(Reuters) - Refining company Valero Corp (VLO.N) on Tuesday posted a higher quarterly profit that topped expectations and said it would split off its retail business, lifting its shares 6 percent.
The company, which owns retail stations in the United States and Canada, said it is considering different methods for the split, including a spin-off that would give its shareholders ownership in the retail business.
"This aligns perfectly with what investors want to see from Valero right now, which is return of capital and liquidity events. That's why it is being met with a positive response," said Dahlman Rose & Co analyst Sam Margolin, who rates the shares a "Buy."
Retail businesses similar to Valero's trade at higher valuations than refining companies, so spinning off the stores will help unlock value. Valero's retail business has an enterprise value of around $3 billion to $4 billion, analysts said.
Valero will keep its wholesale fuel marketing business and shed its stores that sell gasoline and convenience store items like soda and candy bars, marking a departure from some of its peers like Tesoro Corp (TSO.N) who are growing retail operations.
"We are the manufacturing company with a wholesale marketing business," Valero Chief Executive Officer Bill Klesse told investors on a conference call. "We are not going to be selling Twinkies and beer and cigarettes. We are going to leave that to the retail group."
Retail outlets are typically viewed as an outlet for fuels produced at a company's refineries. Those stores allow refiners to keep utilization rates up even when demand slows, a situation that puts them at an advantage to competitors without stores.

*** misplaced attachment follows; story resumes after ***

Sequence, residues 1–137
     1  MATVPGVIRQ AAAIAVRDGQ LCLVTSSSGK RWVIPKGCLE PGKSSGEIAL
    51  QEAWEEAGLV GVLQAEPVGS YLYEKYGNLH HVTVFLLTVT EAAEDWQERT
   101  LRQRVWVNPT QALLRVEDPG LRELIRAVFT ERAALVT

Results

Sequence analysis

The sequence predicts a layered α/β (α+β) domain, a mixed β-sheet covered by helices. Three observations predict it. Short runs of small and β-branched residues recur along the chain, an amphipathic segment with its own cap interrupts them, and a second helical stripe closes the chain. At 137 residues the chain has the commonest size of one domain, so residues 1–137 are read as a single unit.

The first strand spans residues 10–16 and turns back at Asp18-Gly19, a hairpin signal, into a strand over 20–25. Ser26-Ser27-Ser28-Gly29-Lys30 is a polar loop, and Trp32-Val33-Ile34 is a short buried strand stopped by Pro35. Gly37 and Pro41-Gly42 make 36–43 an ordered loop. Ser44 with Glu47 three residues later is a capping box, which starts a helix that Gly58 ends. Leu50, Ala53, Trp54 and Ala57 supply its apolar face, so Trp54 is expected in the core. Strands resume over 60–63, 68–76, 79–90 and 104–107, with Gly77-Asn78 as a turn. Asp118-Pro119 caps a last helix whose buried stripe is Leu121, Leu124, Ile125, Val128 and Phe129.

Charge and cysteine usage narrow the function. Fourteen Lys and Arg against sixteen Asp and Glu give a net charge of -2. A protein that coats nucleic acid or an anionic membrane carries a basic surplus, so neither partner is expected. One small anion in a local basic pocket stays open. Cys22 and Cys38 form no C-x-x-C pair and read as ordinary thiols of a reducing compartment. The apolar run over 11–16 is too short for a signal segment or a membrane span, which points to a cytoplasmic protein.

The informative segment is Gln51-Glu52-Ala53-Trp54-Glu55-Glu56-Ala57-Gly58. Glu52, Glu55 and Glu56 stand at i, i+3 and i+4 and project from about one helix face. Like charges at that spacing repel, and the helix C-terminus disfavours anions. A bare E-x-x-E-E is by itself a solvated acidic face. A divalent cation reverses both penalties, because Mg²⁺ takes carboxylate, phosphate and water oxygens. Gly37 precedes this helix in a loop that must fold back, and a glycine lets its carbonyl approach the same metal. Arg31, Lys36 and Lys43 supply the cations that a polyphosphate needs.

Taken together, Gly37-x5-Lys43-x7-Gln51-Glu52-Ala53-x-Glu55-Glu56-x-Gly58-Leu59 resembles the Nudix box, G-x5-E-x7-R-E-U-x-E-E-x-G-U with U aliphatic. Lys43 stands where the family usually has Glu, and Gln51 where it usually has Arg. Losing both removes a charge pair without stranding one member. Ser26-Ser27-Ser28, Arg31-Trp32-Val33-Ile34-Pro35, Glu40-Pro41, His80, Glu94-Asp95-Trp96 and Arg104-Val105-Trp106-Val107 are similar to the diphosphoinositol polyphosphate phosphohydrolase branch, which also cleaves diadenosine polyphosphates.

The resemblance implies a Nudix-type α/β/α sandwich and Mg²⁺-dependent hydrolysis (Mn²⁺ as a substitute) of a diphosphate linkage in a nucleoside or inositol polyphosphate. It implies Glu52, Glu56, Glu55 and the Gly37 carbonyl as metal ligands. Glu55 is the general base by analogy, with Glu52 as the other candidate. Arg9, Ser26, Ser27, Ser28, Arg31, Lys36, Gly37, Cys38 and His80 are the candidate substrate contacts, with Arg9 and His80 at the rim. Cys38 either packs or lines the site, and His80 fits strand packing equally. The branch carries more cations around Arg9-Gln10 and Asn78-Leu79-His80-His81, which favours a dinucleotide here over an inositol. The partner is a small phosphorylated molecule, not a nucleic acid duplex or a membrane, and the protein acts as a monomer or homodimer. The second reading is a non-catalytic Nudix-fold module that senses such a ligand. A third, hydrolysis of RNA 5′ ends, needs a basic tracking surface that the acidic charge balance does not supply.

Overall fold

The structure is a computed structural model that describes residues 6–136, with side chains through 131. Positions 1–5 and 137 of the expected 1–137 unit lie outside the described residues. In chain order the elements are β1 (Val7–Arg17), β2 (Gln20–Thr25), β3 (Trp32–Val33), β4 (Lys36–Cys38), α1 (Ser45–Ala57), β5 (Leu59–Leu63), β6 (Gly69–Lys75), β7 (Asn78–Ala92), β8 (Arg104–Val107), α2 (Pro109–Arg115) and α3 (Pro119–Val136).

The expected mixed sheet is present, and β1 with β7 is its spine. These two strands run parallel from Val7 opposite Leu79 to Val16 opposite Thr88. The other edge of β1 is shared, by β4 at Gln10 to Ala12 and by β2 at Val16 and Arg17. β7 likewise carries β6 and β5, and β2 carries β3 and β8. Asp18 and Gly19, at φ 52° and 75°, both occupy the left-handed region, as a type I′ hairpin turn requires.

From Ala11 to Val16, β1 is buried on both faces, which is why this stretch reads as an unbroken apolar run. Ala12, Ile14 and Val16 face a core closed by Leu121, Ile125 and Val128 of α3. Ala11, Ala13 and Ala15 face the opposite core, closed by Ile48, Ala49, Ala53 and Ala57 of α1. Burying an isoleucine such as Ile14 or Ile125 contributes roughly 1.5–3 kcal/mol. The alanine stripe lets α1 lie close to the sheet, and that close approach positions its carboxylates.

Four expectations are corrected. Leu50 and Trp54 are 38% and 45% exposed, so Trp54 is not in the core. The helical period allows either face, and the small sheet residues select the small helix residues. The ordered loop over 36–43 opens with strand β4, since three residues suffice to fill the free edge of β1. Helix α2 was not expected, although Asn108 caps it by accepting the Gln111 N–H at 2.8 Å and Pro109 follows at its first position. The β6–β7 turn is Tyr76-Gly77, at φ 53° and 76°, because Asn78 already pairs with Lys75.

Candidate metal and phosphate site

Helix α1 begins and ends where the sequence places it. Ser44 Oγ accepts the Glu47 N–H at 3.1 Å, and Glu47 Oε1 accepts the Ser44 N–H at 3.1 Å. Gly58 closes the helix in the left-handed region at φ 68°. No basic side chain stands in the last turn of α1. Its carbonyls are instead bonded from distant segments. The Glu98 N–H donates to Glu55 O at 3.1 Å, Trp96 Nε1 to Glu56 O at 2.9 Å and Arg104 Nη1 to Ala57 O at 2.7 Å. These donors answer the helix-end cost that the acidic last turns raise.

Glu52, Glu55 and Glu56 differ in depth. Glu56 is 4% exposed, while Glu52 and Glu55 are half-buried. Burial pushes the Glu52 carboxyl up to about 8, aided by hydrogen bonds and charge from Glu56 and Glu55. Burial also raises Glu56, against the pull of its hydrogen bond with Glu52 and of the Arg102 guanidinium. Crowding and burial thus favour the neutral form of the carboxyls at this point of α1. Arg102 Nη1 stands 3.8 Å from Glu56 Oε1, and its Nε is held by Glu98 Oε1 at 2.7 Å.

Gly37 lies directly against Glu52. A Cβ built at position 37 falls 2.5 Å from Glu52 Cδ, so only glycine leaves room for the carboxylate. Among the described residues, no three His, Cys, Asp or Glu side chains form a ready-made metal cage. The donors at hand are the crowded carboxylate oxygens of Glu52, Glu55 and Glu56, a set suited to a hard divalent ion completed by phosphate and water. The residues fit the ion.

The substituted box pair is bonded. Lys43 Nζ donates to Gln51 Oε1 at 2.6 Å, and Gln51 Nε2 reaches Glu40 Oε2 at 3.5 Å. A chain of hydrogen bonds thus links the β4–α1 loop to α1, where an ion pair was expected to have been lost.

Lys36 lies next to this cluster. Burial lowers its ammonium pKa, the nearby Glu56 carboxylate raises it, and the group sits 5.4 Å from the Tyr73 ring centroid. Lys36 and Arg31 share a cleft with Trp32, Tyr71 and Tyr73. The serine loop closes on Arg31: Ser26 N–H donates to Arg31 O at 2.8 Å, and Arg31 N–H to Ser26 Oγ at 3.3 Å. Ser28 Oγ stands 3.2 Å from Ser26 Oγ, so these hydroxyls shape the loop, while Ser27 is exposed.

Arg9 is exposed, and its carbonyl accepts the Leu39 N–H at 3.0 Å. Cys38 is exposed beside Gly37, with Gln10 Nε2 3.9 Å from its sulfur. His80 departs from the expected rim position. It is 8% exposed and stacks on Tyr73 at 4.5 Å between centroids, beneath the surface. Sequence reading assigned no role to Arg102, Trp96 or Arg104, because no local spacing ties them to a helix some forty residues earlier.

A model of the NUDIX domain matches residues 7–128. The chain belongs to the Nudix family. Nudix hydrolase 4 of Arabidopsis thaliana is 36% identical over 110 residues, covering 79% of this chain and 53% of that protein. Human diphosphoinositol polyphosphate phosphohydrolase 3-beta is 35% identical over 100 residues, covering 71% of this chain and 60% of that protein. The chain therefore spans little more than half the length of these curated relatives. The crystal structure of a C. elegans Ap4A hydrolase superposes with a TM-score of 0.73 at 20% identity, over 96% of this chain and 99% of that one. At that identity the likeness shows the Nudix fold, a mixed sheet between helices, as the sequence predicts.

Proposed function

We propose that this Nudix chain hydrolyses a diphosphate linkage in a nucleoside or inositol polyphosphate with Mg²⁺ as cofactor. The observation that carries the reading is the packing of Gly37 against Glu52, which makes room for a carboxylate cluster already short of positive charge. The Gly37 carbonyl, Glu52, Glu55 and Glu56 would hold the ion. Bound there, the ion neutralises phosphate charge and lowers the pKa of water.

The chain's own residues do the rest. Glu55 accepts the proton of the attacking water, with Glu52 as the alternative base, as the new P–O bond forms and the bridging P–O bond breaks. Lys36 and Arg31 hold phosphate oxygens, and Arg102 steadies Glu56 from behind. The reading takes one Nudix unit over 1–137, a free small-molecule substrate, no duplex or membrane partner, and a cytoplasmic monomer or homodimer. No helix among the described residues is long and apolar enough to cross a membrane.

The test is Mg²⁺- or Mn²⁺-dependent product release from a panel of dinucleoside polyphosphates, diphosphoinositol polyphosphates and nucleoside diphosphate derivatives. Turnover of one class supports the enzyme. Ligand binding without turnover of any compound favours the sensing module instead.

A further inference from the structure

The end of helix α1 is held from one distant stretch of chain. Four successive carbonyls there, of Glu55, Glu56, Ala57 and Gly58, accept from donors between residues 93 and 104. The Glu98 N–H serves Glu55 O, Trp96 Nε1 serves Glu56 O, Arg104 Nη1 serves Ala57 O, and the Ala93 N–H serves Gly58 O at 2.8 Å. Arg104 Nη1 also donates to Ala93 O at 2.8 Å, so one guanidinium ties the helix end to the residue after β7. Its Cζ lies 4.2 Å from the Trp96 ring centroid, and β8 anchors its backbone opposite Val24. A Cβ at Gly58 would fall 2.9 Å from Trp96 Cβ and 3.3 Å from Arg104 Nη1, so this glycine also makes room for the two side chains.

"Valero isn't going to have that guaranteed offtake, but it sounds as if they can make it up with their wholesale business and exports," Allen Good, analyst at Morningstar, said.
Valero operates nearly 1,000 U.S. stores, with a heavy concentration in Texas. In Canada, it has 775 units, the company said.
Credit Suisse Securities (USA) LLC is advising Valero in connection with the retail split, which is expected to take 6 months.
San Antonio-based Valero reported a second-quarter profit of $831 million, or $1.50 per share, compared with $745 million, or $1.30 per share, a year earlier.
Analysts on average had expected a profit of $1.43 per share, according to Thomson Reuters I/B/E/S.
"In the refining segment, throughput and cash operating expenses performed better than company guidance," analysts at energy investment bank Simmons & Co told clients in a research note.
Valero said its retail arm reported record quarterly operating income of $172 million, up from $135 million a year earlier, or about 12.6 percent of its second-quarter profit.
The company also raised its quarterly dividend by 17 percent to 17.5 cents per share.
Shares in Valero rose 6 percent to $27.72 in New York Stock Exchange trading.
(Reporting by Matt Daily in New York; Additional reporting by Anna Driver in Houston and Michael Erman in New York; Editing by Gerald E. McCormick, John Wallace, Sofina Mirza-Reid, Dale Hudson and Jim Marshall)